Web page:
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The Straight Scoop on the 2022 Session

Tuesday, June 28, 2022

This issue of our newsletter is a big one.  It's the end of session, there was an election on June 7, and there is a lot to cover.  Some people want a lot of details. Others just want to know what it means to them.  The rest of this newsletter will have the detail, but here we want to cut to the chase.

Things change when people speak up, when they tell their legislators what they need and why.  Iowans with disabilities have said they need more choice in community living, they need to know their direct service providers will be there for them, and they do not want their lives on hold while they wait for services.  If you look at the things that happened this legislative session, I think you will be pleased.  

  • More money for direct support staff wages will help keep people in those jobs, so you don't have new workers each week and can rely on them being there for you when you need them.  
  • More people with intellectual disabilities will be served. Using federal funds, DHS will take an estimated 200 Iowans with intellectual disabilities off the waiver waiting list.  Of course we know there is much more to do on this, it costs a lot to reduce the waiting lists for services.  The list is too long, and we know DHS is looking at ways to make the waivers more flexible, reduce wait times, and serve more people. 
  • More money for vocational rehabilitation means more Iowans with disabilities will learn important job skills so they can be employed in their community.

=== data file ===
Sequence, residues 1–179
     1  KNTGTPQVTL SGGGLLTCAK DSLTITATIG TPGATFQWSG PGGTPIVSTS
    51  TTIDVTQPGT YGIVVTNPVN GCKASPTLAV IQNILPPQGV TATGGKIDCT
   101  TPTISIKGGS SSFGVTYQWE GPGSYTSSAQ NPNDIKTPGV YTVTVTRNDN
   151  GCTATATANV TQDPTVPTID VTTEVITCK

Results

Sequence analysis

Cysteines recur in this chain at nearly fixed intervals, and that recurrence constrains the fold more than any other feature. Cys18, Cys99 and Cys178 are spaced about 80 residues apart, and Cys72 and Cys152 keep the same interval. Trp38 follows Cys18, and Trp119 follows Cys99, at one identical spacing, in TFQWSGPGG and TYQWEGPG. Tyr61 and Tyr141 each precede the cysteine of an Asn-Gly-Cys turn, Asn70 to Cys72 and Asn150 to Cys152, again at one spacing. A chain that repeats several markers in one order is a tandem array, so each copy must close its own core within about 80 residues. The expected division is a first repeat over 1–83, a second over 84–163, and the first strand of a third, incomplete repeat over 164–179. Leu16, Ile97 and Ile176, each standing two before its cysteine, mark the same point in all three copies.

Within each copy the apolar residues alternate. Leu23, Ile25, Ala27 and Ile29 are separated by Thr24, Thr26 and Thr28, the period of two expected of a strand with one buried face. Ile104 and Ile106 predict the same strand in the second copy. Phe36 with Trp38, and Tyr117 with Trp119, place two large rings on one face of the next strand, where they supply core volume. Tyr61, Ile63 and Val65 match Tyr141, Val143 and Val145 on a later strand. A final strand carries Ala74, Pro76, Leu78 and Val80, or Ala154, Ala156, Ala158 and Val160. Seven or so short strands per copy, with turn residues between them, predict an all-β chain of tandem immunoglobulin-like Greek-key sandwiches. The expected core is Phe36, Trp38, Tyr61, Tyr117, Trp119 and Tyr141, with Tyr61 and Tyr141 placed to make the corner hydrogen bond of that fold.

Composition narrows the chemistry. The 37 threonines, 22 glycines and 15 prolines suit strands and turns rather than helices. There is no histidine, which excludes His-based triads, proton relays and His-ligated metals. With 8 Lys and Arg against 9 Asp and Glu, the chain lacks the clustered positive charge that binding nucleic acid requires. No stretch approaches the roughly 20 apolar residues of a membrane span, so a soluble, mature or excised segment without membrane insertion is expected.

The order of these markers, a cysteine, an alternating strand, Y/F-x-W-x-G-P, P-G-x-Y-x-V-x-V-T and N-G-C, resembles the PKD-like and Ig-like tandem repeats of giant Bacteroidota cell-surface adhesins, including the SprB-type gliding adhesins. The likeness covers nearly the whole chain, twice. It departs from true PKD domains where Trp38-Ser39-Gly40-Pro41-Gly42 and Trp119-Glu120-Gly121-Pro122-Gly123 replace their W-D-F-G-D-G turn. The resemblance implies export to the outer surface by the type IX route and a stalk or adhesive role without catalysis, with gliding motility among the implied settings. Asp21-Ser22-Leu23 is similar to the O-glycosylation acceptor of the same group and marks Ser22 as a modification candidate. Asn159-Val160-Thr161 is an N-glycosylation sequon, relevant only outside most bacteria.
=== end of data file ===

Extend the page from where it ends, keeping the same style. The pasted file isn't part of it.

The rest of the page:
• Children with disabilities will have equal access to special education, no matter where they live in the state. Some schools in the state refuse to provide special education services to children in private schools, which is against the law.  No parent should have to take their schools to court in order to get the services for their children.  

We know that there are not enough Home and Community Based Services (HCBS) providers in the state, but part of that is there are not enough people to provide the services. Taking people off waiting lists will not guarantee they will get services; you need the people to provide the service and there aren't enough workers now to do the work.  The really good news is DHS and the Iowa Legislature are committed to finding a solution.  DHS wants to make waivers more flexible, make sure provider rates are enough to make sure services are widely available, and make sure people are paid enough to keep providing those direct services.  We hope to talk more about these plans in our Fall newsletter. 

On a final note, the Iowa Legislature can only do so much. Your federal elected officials can make some reforms at the federal level, in Congress.  For example, combining waivers, requring all states to eliminate all HCBS waiting lists, and making sure funding is available to do this.  Congress also provides most of the funding for public transportation, which is also important to making sure people can live in the community.  

So make sure to thank your legislators for their work this year, but make sure they know there is much more to be done.  Make sure you talk to the people who represent you in Congress (your US Senator, your US Representative).  Talk to the candidates who are running for these offices and tell them it's time for action.   As we said at the beginning, advocacy works.  We have proof in the bills that passed this year, in the stories that were retold during debate.  Your story is your superpower. Use it! 

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